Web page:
Leaving the nest

Carl and Roxy sent us off on our own for sevusevu at the village and thankfully we didn’t screw it up. A simpler ceremony in this village since the Chief works on the mainland. But it still entailed some chanting, speeches, and welcomes. Formalities out of the way we talked for awhile and met the mother of Fijian rugby player “The Sledgehammer.” We had heard of him back in Somosomo and it came as a surprise that we came across his mom. Last order of business was buying some papayas and bananas before heading back to Sky Pond.

Back aboard we were rushed to go visit the caves since it was still low-ish tide and the best time to visit. So off we went in the dinghy (Carl had done it multiple times in the past). Arriving, we went to the guy in charge who initially asked for $50 Fijian (Carl had paid $30 and $45 in past visits). I had brought $70 for both of us and that was excepted.

Walking up stairs and into the caves, Jean was apprehensive as getting into the second cave required diving down, swimming to the light, and then popping up when you got a tap on the head. Swimming around the first cave our guide pointed out a red snapper whole lives in there at low tide and told us about an eel that comes in at high tide (higher salinity). And soon enough it was time to dive. At the water level it was much easier than I expected and inside our guide explained that at higher tides swimming fins were necessary. Inside he lit up the various caverns and told us of other caves that tourists are not allowed to visit as they require scuba gear and hold toxic gases. The three of us yelled a series of “Bulas!” to hear the echoes before swimming back to the entrance with our guide singing to us which was spectacular with the echoing. Back into the larger main cave it was cliff diving time and a bit more time to swim around and explore before it was time to go.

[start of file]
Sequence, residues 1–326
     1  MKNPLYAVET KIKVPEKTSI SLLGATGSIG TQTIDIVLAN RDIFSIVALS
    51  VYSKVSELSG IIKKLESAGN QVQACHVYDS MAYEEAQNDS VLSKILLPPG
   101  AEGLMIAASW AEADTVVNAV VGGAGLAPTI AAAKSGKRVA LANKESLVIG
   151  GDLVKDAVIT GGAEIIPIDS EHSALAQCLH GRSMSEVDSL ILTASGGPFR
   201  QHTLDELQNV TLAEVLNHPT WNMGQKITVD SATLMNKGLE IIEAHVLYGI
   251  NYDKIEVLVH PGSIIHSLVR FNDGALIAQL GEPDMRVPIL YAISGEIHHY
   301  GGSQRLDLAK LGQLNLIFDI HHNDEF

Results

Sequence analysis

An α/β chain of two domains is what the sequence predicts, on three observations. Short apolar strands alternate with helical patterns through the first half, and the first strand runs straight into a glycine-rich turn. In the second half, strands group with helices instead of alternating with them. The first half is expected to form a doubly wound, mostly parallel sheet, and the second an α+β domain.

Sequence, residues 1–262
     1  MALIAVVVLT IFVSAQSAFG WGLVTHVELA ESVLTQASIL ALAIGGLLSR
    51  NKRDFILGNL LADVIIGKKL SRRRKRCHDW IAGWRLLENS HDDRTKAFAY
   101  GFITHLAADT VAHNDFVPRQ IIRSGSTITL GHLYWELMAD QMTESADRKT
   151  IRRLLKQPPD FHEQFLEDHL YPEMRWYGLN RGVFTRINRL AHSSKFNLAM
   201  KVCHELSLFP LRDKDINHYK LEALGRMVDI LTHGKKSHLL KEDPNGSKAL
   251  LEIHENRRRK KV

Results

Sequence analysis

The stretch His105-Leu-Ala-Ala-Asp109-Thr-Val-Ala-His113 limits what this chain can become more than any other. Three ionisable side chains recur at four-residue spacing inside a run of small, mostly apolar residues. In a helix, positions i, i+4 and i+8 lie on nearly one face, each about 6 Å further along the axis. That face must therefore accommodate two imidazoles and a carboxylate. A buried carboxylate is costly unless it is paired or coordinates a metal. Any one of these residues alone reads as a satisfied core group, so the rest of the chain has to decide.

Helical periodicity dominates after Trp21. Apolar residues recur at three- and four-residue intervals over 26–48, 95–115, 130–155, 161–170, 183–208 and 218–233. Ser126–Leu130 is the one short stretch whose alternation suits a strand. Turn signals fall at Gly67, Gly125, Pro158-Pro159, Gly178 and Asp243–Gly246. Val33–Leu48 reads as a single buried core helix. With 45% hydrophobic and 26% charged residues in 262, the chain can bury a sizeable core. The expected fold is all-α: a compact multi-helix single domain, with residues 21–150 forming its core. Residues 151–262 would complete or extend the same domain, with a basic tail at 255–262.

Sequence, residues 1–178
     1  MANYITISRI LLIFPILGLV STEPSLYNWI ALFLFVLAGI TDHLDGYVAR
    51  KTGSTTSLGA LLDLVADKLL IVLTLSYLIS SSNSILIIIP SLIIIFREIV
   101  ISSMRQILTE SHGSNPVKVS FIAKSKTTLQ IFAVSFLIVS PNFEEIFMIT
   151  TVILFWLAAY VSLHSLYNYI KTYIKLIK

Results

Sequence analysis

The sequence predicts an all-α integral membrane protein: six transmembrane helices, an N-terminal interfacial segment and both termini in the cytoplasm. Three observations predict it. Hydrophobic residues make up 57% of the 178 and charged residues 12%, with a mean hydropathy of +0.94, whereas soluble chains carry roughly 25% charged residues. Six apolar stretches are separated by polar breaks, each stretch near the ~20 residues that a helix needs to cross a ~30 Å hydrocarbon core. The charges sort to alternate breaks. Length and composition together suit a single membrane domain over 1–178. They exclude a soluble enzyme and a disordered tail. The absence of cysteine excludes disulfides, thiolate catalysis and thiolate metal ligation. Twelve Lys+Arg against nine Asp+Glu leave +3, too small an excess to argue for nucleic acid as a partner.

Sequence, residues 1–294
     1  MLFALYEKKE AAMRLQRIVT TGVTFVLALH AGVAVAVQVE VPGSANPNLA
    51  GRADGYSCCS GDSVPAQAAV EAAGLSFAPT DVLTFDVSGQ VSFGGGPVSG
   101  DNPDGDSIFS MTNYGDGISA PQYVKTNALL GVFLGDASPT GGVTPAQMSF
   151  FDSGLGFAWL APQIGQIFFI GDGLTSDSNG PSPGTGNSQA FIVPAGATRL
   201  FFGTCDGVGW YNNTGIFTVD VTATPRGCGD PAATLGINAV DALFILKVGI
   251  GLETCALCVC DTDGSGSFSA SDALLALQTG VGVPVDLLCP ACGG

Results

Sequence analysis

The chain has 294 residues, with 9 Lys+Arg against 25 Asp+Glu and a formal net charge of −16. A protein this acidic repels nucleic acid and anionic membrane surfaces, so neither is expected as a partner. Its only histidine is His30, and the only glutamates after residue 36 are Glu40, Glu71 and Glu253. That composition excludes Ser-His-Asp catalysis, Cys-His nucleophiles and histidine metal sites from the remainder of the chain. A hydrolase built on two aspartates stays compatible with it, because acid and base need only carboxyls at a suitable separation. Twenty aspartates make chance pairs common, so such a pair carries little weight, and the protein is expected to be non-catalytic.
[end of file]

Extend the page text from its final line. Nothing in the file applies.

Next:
In the afternoon the wind was blowing in the upper teens to low twenties, so it was wing foiling time. Carl had some good runs and I got a bit more hang of managing the sail. Even inadvertently getting up on the foil (not good when kneeling) a few times. More progress made. Afterwards a fellow wingfoiler stopped by with some advice and to give Carl’s board a try. A full and fun day for sure!

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